5. German Shepherd

photo by Ellen Levy Finch
photo by Ellen Levy Finch

German Shepherds are commonly used as police and service dogs, due to their high intelligence and train-ability. However they can be overprotective of their owners and family if not properly socialized. They are strong and extremely dangerous when roused to attack, possessing some of the most powerful jaws of any breed. Several studies have found that German Shepherds are involved in more bite incidents than most breeds, although this is usually due to improper handling.

 

4. Wolfdog

photo by Mariomassone
photo by Mariomassone

The Wolfdog is, as it’s name suggests, a cross breeding between a grey wolf and a domestic dog – usually a Husky or Alaskan Malamute. Due to genetic variations, they vary considerably in size and temperament. With proper training and socialization, they can be well-mannered pets and loyal companions. But their powerful prey drive and unpredictable behavior makes them potentially dangerous, especially to pets and other animals.

 

3. Presa Canario

photo by Cgpresadog
photo by Cgpresadog

The Perro de Presa Canario (or “Canary catch dog”) originates from the Canary Islands off the coast of Spain, where they were bred for herding and protecting livestock. They are large and well-muscled, weighing up to 120 lbs. They have become popular in the world of illegal dog fighting, for their size, strength and fearlessness. Training and socialization is important to prevent aggressive behavior toward other animals and, in some cases, people. Presas have been involved in several fatal attacks on humans, including the notorious attack of Diana Whipple in 2001. She was mauled to death in the hallway of her San Francisco apartment by two Presa Canarios owned by her neighbors.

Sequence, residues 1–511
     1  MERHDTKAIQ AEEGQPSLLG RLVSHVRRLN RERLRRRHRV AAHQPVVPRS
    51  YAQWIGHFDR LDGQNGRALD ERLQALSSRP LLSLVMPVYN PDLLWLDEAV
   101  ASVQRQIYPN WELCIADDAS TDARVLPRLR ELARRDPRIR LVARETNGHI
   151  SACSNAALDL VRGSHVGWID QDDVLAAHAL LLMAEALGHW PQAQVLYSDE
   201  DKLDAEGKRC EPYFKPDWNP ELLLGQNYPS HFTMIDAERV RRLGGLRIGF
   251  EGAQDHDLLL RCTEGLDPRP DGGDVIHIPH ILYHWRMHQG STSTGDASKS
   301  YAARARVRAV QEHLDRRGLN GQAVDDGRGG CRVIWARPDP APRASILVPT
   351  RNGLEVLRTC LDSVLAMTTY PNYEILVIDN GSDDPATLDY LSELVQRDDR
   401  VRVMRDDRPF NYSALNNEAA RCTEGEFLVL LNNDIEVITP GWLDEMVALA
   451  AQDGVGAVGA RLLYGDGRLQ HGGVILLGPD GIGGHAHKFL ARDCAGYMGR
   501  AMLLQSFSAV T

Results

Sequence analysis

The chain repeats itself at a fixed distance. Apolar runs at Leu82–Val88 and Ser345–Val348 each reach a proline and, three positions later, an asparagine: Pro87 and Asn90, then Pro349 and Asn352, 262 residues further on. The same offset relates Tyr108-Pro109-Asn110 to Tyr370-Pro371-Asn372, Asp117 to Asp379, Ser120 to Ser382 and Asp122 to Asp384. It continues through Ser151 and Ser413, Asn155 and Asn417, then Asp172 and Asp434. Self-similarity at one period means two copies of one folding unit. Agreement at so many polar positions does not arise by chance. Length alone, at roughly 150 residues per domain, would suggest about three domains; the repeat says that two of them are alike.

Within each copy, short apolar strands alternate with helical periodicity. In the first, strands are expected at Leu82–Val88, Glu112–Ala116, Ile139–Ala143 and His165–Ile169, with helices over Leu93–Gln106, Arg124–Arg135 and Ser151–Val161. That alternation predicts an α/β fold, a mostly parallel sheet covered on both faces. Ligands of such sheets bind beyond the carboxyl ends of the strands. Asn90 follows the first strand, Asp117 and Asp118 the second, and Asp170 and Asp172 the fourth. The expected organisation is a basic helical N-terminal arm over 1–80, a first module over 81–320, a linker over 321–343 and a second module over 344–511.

2. Rottweiler

photo by Frei sein, from wikipedia
photo by Frei sein, from wikipedia

Rottweilers are a very old breed of herding dog, large and strong (males can weigh up to 130 lbs) with a considerable prey drive. They also possess one of the most powerful bites of any breed. In a 20 year study on dog bite fatalities, Rottweilers were found to be one of the breeds most at risk of injuring and killing people and pets. However, they are typically friendly and protective of their owners, and most attack incidents are likely the result of abuse or other mistreatment.

 

1. Pit Bull

photo by Tatiana Sapateiro
photo by Tatiana Sapateiro

No surprise here: the American Pit Bull Terrier tops the list of most dangerous dog breeds. Bred for pit fighting and animal baiting, these aggressive animals combine the speed and agility of a terrier with the size and strength of a mastiff. Nearly every study ever done on dog bite injuries and fatalities has concluded that pit bulls are by far the most likely to harm humans or other animals. They are banned in a dozen countries around the world, and restricted in many states and municipalities in the U.S. However, like any breed, pit bull attacks and fatalities are overwhelmingly the result of poor training and handling. Given early training and responsible care, they too can make loyal and love-able family pets.

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Written by Ben Neal

Ben Neal is a freelance writer from Kansas City, MO. You can read more of his wordplay by connecting with him on Facebook and following him on Twitter.